Low-code platforms such as OutSystems make quality easier to understand for all these disciplines. The implementation of the business wish can be traced through process flows and a mostly logical syntax. The underlying data model is also transparent to everyone. In general, no advanced knowledge of a programming language is required to understand these components. This opens the door to a dialogue between developers, testers and analysts and are all points of departure for a more effective low-code testing strategy. With the right dose of ingenuity, the tester will also start looking for ways to stimulate this dialogue.

Super fast super wrong

This dialog is necessary because low-code allows you to develop software at lightning speed. Within this way of development, however, 'development skills' are still important. It also allows you to do something super wrong super fast. You may not notice this immediately, but if the basics are not in order, you are guaranteed to suffer from this over time. So with skills, low-code means you no longer have to think about programming languages, but much more about the ability to keep a business wish manageable in the application. What do you need to implement this wish as effectively and maintainably as possible? Think of the proper dividing of software into maintainable pieces of code, being able to distinguish between generic and specific actions and embedding good testability in the architecture. These are not things a low-code platform forces you to do, but they are certainly things a developer should take into account.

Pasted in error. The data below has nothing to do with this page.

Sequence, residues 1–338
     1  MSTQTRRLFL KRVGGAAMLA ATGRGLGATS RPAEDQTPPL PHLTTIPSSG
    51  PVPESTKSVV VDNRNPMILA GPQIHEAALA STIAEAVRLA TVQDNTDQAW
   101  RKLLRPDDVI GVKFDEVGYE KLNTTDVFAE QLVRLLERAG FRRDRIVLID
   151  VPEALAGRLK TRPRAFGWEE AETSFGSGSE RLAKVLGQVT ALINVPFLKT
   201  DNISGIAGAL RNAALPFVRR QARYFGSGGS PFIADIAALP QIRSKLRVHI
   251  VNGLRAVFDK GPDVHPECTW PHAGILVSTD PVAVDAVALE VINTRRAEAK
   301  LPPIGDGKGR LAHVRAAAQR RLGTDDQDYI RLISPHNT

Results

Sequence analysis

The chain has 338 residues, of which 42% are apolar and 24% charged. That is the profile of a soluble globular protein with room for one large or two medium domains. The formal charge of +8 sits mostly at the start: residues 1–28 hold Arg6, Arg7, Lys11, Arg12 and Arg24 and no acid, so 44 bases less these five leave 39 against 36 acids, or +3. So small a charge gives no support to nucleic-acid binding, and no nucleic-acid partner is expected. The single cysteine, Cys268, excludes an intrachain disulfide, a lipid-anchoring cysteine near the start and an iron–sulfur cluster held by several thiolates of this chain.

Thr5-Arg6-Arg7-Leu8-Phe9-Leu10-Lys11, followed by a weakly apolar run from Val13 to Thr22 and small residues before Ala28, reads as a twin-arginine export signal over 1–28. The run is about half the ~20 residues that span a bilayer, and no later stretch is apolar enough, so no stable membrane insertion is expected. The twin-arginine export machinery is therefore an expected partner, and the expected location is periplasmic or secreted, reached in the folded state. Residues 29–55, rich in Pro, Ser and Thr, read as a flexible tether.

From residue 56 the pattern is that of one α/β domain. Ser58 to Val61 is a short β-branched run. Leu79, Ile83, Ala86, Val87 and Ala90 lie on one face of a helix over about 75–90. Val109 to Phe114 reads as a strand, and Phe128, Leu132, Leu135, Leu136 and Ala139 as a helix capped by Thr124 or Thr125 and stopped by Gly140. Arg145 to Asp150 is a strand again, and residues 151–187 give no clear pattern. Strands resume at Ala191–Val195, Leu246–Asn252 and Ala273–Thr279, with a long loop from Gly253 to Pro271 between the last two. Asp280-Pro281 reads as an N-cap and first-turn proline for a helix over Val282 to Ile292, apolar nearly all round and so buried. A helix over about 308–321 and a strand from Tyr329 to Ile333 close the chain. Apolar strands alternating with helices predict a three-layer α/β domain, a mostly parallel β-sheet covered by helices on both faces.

Tech First, Test Second

Before you can discuss with a developer at such a level as a tester, it is necessary that you have knowledge of the relevant low-code platform. At Valori, we believe that in-depth knowledge of the software stack in which you develop makes you a better tester. We 'speak' the language of the software development teams. For example, our OutSystems consultants are certified OutSystems developers and use the same toolsets as the developers. However: We come to test and have knowledge of everything in the field of software testing and test tools. We call this "Tech First, Test Second".

New wine in new bottles

Valori is the world's first partner in testing PEGA and OutSystems. We are very proud of that. It is a nice reward for our craftsmanship and a good example of what we achieve with our ingenuity.

With this knowledge we can also use the low-code platform for the testing process. For example, are there smart ways to create test data? Or can we test specific business logic, without being dependent on all kinds of other factors? These kinds of solutions are a combination of ingenuity and craftsmanship and make testing low-code applications really different from testing non-low-code applications.

Would you like to know how we can take the quality of your low-code application to the next level with our craftsmanship and ingenuity? Please contact me. I would be happy to discuss it with you.

About the author

Brian van den Brink is Chapter Lead OutSystems at Valori. He is convinced that in-depth knowledge of a Low-Code platform is essential to be a good Low-Code testing professional. This knowledge enables you to create unique test solutions. Brian regularly speaks and blogs about Low-Code in general and OutSystems in particular.